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  1. #11
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    Quote Originally Posted by ~Marigold~ View Post
    Reading your post, I feel so much of your distress coming through. It appears that YOU are feeling like you're not "a great mum" and your daughter knows this so is almost going right at your weakness, hitting that nerve because she already knows how you're feeling within yourself. She's saying exactly what she knows will hurt you and it's working; you're explaining yourself even to us in your post, with things like "I reckon I'm a great mum 90% of the time" and to me it feels like you're trying to prove yourself when you absolutely don't need to and shouldn't have to, especially when it's an 8 year old child bringing all of these negative emotions back to the surface. I also don't think you should have to justify to her why you're asking her daddy to take the baby, you don't need to explain yourself. Next time she makes a negative remark just reply "that's not a nice thing to say" so she knows that a) she's being mean and b) you're not going to fumble and explain anything about your actions, because you're confident in the fact that needing a break from the baby is totally OK and doesn't make you a bad or uncaring mother.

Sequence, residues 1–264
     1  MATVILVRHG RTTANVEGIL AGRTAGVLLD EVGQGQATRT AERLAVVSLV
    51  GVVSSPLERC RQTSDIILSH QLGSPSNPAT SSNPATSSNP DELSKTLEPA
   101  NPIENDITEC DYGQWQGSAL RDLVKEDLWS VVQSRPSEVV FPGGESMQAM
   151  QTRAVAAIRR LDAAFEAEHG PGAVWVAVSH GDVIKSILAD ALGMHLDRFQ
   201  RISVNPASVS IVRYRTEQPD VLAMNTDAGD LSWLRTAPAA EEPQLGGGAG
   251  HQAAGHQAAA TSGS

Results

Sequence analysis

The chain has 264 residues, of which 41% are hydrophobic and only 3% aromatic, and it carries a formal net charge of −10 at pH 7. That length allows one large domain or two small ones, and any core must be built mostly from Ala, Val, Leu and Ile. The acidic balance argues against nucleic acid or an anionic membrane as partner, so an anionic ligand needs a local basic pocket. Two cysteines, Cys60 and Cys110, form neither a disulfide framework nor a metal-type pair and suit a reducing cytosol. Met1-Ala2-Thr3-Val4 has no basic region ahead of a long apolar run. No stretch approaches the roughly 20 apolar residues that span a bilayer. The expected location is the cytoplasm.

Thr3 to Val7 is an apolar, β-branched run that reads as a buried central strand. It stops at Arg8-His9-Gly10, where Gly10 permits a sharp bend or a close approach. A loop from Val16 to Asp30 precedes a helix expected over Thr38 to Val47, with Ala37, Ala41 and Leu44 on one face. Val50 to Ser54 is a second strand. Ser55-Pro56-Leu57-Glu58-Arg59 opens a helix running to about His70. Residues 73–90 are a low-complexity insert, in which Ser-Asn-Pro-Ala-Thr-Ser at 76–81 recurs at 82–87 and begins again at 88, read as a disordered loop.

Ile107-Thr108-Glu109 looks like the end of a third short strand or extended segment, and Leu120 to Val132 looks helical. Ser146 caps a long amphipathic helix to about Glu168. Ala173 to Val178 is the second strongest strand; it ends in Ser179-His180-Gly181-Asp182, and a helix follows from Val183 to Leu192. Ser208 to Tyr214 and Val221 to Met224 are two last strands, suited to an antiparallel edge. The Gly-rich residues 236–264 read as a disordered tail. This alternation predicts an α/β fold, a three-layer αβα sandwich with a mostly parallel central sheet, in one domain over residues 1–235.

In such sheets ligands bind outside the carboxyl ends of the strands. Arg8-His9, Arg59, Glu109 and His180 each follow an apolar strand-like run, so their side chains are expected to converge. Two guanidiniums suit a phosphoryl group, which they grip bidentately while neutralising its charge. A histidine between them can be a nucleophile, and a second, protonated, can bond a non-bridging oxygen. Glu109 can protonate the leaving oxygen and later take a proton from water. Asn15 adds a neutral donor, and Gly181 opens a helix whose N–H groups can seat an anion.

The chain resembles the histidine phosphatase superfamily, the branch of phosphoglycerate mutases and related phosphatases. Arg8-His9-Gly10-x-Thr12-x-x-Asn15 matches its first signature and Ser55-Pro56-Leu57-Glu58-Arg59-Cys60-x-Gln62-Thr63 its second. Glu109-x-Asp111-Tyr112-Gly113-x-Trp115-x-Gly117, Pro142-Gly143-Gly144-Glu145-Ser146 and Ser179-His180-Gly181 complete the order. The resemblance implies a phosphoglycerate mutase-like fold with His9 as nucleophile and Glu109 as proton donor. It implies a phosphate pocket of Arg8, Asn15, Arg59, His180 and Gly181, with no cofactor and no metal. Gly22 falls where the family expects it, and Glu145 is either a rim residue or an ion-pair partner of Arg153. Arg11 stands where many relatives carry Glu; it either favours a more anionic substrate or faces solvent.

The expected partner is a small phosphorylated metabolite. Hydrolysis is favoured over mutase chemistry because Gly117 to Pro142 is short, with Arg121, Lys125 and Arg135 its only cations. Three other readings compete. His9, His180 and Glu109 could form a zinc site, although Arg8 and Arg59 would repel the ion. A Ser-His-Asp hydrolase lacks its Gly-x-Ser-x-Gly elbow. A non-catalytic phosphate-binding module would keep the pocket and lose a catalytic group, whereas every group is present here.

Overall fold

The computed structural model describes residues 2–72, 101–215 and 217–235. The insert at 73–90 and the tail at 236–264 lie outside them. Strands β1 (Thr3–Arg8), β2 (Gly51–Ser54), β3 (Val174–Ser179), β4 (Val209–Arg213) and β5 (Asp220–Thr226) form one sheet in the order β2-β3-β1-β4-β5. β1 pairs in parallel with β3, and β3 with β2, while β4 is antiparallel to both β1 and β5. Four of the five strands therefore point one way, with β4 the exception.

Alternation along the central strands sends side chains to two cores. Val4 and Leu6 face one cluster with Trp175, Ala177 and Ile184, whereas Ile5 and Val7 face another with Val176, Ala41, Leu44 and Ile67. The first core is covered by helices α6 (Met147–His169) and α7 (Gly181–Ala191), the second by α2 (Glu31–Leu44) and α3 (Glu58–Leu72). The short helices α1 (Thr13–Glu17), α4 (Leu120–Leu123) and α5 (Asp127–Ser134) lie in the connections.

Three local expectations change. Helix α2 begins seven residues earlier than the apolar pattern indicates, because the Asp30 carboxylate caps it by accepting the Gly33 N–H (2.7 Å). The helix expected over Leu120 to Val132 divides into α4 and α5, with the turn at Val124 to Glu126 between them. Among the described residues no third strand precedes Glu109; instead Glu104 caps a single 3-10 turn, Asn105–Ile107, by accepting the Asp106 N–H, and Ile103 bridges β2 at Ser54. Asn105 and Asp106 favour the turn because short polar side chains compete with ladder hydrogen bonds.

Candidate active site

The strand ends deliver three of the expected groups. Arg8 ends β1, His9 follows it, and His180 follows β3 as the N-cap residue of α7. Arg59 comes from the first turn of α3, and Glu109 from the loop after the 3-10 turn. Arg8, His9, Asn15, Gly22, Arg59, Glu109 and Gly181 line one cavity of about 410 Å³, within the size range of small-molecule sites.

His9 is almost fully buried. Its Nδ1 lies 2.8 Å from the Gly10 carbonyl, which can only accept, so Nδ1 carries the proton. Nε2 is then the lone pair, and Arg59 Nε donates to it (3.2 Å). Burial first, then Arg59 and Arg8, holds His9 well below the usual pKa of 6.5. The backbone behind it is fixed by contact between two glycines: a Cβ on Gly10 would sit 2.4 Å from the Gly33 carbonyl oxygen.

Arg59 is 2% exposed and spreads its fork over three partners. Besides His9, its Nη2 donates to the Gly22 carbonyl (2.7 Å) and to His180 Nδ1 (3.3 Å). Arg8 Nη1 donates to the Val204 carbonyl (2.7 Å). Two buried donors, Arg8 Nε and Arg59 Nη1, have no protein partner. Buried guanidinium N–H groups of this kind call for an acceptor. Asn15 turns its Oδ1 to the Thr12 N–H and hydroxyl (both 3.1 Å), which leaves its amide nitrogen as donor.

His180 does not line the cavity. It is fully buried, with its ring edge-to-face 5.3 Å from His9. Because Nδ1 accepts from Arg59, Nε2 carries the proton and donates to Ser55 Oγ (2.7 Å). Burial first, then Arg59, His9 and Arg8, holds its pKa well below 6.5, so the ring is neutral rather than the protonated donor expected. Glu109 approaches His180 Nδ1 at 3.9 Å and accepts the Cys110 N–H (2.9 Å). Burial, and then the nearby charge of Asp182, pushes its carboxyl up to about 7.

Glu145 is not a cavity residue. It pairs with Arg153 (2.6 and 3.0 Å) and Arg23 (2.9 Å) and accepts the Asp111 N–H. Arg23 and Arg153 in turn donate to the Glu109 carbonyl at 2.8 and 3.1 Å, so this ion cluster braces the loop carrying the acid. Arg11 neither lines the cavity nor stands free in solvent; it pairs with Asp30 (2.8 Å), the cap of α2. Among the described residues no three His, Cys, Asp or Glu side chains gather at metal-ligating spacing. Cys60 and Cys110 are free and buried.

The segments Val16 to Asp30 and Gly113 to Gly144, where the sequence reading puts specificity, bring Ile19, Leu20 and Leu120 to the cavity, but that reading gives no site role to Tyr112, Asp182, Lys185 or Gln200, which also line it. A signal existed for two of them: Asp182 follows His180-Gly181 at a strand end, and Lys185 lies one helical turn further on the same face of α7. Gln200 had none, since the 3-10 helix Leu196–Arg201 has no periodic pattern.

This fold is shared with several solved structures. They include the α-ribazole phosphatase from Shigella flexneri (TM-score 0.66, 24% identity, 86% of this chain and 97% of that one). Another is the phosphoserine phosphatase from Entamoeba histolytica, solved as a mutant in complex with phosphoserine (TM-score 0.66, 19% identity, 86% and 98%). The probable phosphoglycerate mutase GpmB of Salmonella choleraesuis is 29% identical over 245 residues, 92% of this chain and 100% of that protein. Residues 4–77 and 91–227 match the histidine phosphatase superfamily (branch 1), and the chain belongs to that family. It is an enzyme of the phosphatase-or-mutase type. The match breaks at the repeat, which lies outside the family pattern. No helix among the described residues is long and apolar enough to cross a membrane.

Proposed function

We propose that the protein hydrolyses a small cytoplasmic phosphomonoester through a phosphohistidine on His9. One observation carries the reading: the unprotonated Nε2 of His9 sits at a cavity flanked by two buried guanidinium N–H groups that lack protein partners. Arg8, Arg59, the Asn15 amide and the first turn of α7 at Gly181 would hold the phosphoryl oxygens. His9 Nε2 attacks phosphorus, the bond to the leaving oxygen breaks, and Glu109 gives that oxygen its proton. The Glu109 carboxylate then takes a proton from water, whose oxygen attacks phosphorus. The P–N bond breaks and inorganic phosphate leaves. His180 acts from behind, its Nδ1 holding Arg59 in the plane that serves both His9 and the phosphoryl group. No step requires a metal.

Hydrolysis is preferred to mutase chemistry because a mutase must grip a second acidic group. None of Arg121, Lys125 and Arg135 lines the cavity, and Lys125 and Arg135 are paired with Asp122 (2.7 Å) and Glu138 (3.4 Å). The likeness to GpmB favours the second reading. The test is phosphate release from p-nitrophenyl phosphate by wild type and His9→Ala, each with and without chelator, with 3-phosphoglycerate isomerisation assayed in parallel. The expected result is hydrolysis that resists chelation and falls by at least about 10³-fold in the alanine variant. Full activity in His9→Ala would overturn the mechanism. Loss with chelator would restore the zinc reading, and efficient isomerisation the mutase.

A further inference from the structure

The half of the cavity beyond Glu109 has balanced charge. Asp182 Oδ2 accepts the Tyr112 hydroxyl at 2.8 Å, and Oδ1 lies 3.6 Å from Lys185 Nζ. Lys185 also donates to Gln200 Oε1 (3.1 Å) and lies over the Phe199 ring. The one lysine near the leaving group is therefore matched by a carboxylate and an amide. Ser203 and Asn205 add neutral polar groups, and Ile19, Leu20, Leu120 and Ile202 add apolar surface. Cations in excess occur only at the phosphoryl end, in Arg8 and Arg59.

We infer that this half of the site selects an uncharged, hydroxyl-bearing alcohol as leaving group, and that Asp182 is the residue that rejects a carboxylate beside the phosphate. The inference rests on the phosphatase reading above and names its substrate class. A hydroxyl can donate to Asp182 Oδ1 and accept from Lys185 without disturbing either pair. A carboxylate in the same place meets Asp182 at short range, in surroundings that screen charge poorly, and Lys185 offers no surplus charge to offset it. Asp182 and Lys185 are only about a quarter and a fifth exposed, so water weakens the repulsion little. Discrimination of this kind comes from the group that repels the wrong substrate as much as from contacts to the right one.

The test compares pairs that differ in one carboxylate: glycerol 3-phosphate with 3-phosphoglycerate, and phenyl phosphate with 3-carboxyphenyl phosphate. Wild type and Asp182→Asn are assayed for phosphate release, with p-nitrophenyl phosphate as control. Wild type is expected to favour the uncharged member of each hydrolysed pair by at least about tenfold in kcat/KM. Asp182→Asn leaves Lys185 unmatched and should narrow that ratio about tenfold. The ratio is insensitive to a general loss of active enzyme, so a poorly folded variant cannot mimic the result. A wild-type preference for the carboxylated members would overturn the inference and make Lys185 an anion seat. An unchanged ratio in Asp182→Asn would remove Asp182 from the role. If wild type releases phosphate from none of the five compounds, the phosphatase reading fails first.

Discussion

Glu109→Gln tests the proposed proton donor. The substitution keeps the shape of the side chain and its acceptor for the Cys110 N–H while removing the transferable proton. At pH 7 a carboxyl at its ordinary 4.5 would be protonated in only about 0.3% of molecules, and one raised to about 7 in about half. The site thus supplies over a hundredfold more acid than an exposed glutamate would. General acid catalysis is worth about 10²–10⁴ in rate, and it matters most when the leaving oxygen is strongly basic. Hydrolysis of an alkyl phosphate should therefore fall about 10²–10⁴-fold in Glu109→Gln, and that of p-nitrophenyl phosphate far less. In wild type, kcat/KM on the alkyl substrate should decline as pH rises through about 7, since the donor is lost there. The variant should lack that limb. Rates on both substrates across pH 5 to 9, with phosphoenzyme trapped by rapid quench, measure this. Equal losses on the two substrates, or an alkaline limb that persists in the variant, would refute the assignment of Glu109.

Has she ever witnessed anyone else in the family do this to you? I just feel like she knows your weakness (or perceived weakness, PND is certainly not a weakness and does not make one a bad mother, although it feels that way for the sufferer- I know, I've been there with my first bub) and usually people would be sensitive towards that.
    How does/has your partner dealt with your PND? Sorry to ask, but she may be mimicking negative behavior she's witnessing.